How Can You Protect Your Assets in a Contested Divorce
It’s not common that couples plan for divorce when they plan their nuptials. Dividing assets is one of the most difficult aspects of divorce, especially when one party contests it. Divorces are often emotionally charged and lead one or both partners to make rash decisions that are not always financially sound. These decisions typically hurt both parties in the long run. Regardless of whether you petitioned for divorce or you are contesting the divorce, you need to take care to protect your assets. This short guide provides information about how you can protect your assets and ensure you get your fair share as you go through the divorce process.
Do Not Agree to Anything Until You Seek Legal Advice
Likely, you do not know the complete picture of your partner’s assets. If divorce has been on the horizon, one or both of you have likely started putting money aside, making purchases, and planning for the end. If you make an agreement with your partner before seeking legal counsel, there is a good chance you will need to renege on your agreement. This can infuse mistrust into the divorce process from day one.
Do Not Spy on Your Partner and Gather Evidence
If you know a divorce is imminent, or your spouse has filed for divorce, do not snoop around and gather information to help you in court. Digging into your spouse’s filing cabinet, searching their email, and opening bank statements can provide you with valuable evidence. However, courts will not admit evidence that you collected without your spouse’s permission. At some point in the divorce process, you and your spouse must fully disclose your finances. Your attorney will be able to find any monkey business through their analysis.
Do Not Move Your Assets
It might be tempting to give assets to a friend, family member, or other third-party to protect them. You might also consider moving assets into a trust or an offshore account. The courts will find out about this and likely interpret your actions as intentional deception. Not only will this look bad in any judge’s eyes, but he or she has the power to reverse transfers. You won’t gain from these actions, and you will have to include them in joint assets that must be divided. Additionally, a judge might be inclined to freeze all assets until your divorce is finalized, which could cause problems for you and your soon-to-be-ex.
It is a common myth that removing a spouse’s name from a joint asset will keep him or her away from that asset in the event of a divorce. California is a community property state, which means that the name on an asset has little meaning during a divorce. This becomes increasingly true as couples are married longer. Ultimately, the court has the authority to transfer assets in an equitable way across both parties unless a prenuptial agreement exists.
Stay in Your House
If you want to protect your right to the house you share with your spouse, you cannot move out during the divorce, no matter how tempting it may be. This is especially true if you have children. When one spouse leaves, the other often has an advantage and can argue they want the house or need it to care for children. The person remaining in the house sometimes has a more comfortable financial situation because they do not pay for additional housing. This does nothing to move closer to an agreement about buying out the other or selling the house and dividing the proceeds.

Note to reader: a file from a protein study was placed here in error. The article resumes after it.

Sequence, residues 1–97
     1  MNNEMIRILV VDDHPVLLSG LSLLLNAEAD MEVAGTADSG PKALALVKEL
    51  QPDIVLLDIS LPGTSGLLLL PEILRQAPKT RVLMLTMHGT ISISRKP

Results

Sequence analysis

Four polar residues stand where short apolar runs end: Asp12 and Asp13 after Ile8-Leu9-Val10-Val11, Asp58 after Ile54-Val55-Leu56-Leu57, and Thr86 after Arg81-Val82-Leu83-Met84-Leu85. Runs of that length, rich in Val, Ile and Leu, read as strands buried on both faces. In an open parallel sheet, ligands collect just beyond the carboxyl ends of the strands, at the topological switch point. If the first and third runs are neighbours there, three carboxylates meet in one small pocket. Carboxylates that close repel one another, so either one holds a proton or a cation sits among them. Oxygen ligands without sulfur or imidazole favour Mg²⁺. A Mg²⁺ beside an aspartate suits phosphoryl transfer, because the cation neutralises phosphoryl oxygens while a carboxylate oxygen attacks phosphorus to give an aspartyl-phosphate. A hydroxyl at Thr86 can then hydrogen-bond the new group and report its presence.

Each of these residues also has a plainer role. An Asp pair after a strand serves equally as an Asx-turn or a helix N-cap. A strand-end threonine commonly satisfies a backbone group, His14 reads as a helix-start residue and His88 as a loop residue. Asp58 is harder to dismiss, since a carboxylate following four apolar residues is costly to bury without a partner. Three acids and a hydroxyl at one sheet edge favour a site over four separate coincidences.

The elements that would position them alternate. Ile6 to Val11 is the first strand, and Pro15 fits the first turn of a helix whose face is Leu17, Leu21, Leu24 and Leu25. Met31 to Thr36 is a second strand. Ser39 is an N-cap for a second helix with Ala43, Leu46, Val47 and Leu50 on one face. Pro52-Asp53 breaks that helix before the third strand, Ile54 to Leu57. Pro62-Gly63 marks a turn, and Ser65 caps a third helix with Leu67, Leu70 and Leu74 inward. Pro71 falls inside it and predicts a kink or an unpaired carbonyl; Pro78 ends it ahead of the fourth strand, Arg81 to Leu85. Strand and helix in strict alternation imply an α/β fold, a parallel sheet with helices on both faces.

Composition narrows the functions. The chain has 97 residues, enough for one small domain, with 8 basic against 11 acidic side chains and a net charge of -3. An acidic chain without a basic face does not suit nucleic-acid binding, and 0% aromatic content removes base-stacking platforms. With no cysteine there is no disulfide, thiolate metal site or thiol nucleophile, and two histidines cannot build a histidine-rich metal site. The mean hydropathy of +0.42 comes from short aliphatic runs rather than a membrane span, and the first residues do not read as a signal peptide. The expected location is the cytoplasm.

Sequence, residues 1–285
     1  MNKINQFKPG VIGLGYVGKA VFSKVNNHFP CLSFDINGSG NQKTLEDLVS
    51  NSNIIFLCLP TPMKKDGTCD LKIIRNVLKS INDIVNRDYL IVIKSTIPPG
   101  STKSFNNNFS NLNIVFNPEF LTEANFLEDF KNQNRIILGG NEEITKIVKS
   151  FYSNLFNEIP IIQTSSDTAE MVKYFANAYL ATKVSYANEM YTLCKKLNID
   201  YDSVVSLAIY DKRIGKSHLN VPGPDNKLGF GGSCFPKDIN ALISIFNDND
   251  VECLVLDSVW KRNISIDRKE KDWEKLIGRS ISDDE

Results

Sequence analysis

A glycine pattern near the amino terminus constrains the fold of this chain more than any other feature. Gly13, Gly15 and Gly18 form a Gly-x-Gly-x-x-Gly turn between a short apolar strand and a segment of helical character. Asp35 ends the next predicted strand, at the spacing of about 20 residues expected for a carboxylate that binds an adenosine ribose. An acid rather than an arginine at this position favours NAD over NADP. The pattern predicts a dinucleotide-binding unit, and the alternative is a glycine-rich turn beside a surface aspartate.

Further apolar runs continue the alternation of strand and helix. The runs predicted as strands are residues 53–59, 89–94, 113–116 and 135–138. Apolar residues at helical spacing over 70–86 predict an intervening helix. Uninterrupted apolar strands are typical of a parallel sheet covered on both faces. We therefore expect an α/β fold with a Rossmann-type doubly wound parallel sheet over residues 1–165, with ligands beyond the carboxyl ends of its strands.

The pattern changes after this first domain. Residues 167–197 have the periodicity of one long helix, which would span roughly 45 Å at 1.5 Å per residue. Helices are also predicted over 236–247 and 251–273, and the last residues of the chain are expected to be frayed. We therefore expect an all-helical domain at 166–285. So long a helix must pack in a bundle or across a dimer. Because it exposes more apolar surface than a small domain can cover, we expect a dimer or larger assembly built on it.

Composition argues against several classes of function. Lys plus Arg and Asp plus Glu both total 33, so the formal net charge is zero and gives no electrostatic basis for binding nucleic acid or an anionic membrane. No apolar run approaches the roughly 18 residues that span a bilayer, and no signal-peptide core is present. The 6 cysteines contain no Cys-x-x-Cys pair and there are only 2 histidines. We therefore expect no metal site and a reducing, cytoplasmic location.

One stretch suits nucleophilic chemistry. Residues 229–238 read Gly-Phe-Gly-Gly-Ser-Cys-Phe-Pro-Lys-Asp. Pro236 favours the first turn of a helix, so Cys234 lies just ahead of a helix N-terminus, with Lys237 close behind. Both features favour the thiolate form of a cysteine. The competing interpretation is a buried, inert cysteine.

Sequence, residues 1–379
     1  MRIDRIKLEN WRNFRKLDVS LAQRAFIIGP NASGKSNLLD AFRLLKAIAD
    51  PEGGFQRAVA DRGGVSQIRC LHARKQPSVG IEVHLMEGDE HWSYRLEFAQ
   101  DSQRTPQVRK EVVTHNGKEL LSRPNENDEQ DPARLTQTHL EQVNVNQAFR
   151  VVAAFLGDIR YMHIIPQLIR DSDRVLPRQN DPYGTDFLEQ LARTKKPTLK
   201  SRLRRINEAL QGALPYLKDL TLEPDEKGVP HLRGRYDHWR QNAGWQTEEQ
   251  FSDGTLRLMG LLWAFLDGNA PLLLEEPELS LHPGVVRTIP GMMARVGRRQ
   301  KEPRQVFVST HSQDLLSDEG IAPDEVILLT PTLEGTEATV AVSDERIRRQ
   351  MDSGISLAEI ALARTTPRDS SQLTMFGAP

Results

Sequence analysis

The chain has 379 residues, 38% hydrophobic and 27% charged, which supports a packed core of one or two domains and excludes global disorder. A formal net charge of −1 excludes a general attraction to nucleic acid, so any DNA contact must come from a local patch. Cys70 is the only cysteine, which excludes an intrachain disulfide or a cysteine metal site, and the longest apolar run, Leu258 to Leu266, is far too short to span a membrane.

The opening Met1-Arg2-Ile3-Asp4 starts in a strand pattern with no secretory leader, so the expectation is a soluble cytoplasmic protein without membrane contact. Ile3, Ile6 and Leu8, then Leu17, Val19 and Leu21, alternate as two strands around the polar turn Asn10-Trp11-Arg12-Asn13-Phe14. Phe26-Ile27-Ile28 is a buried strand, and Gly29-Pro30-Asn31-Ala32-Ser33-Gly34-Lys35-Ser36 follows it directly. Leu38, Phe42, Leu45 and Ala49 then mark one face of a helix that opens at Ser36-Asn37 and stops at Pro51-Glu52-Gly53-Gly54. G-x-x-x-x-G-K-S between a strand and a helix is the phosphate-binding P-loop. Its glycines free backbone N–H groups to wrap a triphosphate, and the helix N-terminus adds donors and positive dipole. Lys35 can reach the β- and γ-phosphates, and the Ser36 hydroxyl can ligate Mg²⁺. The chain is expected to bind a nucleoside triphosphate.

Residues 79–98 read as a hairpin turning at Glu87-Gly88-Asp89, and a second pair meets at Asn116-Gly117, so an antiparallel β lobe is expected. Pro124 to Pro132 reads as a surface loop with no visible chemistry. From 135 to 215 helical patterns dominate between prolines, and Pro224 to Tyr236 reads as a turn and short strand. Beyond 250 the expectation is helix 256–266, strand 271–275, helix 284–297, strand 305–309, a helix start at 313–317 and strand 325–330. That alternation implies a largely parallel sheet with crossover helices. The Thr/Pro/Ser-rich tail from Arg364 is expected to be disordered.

Do Not Cohabitate with a New Partner Before Your Divorce Is Finalized
If you live with a new partner before you go to court to finalize your divorce, it’s likely the judge will take into account your new partner’s financial situation. Your new partner could be a financial resource if you share a mortgage, rent, utilities, and/or other expenses. This means you have to share your partner’s financial details with the court, and it could impact spousal support.
Obtain a Valuation on Your Business if Applicable
If you started a business during your marriage, your spouse will likely have a stake in that business. Divorce can be difficult for family businesses and sometimes force liquidation or sale. However, divorce does not mean you have to close your doors. You need a current business valuation to give you a starting point for offering a buyout or selling your portion of the business to your partner. The size of the stake your spouse deserves in your business depends on the situation. If you started the business together and built it together, you can expect a 50/50 split. Other circumstances can tilt the scale in either direction. In any case, be open to the solution that lets your business continue to thrive, even if only one of you continues to run it.
Keep Your Divorce Settlement Private
If you and your spouse have business assets, it’s in your best interest to keep your agreement private. If you have a small business, nasty divorce proceedings could negatively impact your business, and you both lose. If you have a large business, especially one with stockholders, any media attention given to your divorce will likely tank your stock price. Once again, no one wins. It’s in your interest to reach an agreement with your lawyers or by mediation, so confidentiality is a mandatory part of the settlement agreement.
Contact an Experienced Divorce Attorney to Protect Your Assets During the Divorce Process
Divorce is difficult for everyone involved. Loss is inevitable, but it does not have to destroy you or your partner. Instead, get the help you need to protect your assets in a contested divorce, allowing you and your spouse to move on with your lives. Contact the skilled divorce attorneys at Pedrick Law Group, APC online, or at 818-325-3934 for a free consultation to discuss your particular circumstances and learn about the best path forward to protect your assets.